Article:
Hillary Clinton last night confirmed that she will seek the presidency of the United States for the second time.
John Podesta, a top adviser to the former first lady and secretary of state, made her 2016 plans official with an email message sent to veterans of her first presidential campaign.
“I wanted to make sure you heard it first from me – it’s official: Hillary’s running for president,” the email said. It went on to say that Mrs Clinton will soon meet voters in Iowa and will host a formal “kick-off” event some time next month.
Later last night, Mrs Clinton launched her campaign website, telling Americans she wanted to be their “champion”.
Mrs Clinton ran for the Democratic presidential nomination in 2008 but lost to Barack Obama.
The overwhelming Democratic favourite, she had been expected to declare her candidacy for months.
In a video on her website, Mrs Clinton declared: “I am running for president”.
“Americans have fought their way back from tough economic times,” she said, “but the deck is still stacked in favour of those at the top.
“Everyday Americans need a champion and I want to be that champion,” she added.
She is now expected to travel to Iowa and New Hampshire, two early primary contests in the 2016 race.
After her failed nomination bid in 2008, Mrs Clinton served as secretary of state in Mr Obama’s first administration (2009-2013).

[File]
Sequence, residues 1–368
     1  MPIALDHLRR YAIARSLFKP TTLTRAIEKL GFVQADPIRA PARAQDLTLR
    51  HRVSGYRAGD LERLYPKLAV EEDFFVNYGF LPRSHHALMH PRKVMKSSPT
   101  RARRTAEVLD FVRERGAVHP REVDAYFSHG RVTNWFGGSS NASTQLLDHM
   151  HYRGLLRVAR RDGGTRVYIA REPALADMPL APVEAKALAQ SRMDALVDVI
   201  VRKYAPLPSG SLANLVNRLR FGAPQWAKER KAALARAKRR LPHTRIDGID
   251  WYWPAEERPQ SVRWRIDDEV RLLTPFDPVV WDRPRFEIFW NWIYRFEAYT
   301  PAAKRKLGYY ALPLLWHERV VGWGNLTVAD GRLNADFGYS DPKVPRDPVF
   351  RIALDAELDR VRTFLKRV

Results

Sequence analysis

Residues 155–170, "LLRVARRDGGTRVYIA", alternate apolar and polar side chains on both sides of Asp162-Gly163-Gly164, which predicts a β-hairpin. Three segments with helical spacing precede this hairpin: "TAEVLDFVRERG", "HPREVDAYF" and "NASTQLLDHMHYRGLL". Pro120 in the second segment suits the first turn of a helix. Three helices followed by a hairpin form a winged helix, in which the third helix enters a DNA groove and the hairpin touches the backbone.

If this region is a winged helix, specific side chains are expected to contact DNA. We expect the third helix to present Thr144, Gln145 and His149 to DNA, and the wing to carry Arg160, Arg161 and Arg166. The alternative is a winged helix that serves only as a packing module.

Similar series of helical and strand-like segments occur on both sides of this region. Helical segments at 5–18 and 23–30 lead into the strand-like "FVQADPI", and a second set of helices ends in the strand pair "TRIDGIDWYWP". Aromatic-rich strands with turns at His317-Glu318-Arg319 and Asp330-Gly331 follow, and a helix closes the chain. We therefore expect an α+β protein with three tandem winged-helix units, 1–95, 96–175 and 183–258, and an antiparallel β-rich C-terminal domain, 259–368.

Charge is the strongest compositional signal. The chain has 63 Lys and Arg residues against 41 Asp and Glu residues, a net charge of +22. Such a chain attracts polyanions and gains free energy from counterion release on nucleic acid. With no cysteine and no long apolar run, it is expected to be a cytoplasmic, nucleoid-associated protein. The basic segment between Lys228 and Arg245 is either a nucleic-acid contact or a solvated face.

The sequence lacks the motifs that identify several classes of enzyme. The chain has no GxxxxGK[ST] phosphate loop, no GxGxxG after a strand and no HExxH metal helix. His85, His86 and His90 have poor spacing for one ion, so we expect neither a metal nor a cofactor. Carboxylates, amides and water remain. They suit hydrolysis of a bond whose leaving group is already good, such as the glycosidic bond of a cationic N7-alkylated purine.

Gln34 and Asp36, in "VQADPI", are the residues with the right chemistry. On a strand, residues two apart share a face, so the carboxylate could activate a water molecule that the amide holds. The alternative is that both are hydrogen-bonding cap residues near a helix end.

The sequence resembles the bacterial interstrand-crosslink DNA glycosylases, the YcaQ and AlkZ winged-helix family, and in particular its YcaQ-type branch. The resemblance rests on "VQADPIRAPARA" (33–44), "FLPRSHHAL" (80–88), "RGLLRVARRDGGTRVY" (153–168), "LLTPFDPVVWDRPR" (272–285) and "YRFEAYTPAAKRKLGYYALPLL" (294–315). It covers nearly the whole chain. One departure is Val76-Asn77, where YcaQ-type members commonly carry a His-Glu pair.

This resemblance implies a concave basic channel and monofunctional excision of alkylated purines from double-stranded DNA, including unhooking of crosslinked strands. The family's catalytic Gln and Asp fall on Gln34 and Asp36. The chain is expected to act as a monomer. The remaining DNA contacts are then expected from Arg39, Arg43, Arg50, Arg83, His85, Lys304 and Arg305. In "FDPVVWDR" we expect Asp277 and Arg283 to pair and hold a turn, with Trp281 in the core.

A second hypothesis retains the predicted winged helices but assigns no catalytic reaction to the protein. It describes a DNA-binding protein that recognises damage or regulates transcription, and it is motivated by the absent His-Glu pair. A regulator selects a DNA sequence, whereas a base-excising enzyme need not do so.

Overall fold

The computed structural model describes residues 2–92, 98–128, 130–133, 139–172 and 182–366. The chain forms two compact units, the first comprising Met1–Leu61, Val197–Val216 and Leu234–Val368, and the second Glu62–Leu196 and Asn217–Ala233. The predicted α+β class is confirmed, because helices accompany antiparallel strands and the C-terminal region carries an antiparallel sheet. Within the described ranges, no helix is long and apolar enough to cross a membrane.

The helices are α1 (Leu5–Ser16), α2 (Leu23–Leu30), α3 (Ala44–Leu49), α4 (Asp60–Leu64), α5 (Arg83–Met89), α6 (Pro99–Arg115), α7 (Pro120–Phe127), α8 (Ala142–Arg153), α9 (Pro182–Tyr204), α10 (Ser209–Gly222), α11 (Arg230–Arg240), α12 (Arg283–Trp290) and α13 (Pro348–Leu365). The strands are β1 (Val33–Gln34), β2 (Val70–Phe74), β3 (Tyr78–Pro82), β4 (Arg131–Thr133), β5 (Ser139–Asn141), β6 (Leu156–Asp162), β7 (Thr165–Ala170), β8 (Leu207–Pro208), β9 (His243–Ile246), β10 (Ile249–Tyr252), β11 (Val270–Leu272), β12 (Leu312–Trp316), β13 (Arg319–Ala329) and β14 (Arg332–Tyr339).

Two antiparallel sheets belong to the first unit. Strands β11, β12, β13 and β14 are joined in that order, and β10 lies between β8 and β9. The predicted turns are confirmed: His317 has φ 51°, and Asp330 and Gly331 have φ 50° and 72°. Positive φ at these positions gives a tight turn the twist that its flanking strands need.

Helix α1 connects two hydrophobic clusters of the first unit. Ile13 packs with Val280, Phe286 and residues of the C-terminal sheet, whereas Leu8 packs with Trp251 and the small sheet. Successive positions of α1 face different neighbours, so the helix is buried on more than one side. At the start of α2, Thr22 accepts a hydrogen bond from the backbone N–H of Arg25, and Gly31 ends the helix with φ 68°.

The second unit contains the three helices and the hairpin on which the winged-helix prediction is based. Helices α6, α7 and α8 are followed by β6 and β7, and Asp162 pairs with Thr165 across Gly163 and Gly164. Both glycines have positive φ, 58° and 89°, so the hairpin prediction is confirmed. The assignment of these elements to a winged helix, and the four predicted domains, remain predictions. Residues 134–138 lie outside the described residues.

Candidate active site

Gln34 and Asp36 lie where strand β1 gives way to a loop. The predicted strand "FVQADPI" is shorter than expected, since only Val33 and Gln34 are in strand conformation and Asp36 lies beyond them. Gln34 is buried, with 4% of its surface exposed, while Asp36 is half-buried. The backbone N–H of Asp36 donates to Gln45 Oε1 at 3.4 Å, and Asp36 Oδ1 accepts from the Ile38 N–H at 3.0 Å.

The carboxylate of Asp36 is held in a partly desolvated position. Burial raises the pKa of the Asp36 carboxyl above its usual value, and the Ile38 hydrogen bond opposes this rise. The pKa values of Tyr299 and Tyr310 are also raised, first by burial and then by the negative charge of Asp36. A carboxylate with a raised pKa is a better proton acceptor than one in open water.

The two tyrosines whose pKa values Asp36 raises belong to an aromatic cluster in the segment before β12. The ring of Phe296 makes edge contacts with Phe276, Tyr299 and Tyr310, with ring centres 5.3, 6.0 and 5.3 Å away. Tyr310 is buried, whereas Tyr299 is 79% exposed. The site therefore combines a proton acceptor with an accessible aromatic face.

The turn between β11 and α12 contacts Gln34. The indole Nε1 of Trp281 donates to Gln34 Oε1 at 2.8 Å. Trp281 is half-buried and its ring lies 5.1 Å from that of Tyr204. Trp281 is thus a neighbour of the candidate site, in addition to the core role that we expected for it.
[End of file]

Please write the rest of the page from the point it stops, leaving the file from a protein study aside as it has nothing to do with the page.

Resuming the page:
Known for her punishing travel schedule – she visited 112 countries in four years – she led the US response to the Arab Spring and the military intervention in Libya in 2011.
Mr Obama praised Mrs Clinton, saying at a news conference at the Americas summit in Panama on Saturday that she would make an “excellent president”.
And her successor in the post, John Kerry, called her a “good friend”, telling ABC’s This Week programme she “did a terrific job of rebuilding alliances that had been shredded over the course of the prior years”.
But Republican presidential contender Rand Paul criticised Mrs Clinton for her handling of a September 2012 attack on a US diplomatic compound in Benghazi, Libya, in which the US ambassador was among those killed.
He also said questions remained about funds received by a charity set up by Mr and Mrs Clinton. “There is a history of the Clintons feeling they are above the law,” the Kentucky senator said on CNN’s State of the Union programme.
Two prominent Republicans have officially entered the race for their party’s nomination – Mr Paul and Texas senator Ted Cruz. Former Florida governor Jeb Bush is another frontrunner.
As a senator, Mrs Clinton voted for the invasion of Iraq in 2003 but distanced herself from the way the war was waged, and called for US troops to be withdrawn.
During her husband’s first term as president, she campaigned for healthcare reform but her plan fell apart and never made it to a vote in Congress.
Mrs Clinton stood by her husband when he was exposed as having had an affair with a White House intern, Monica Lewinsky.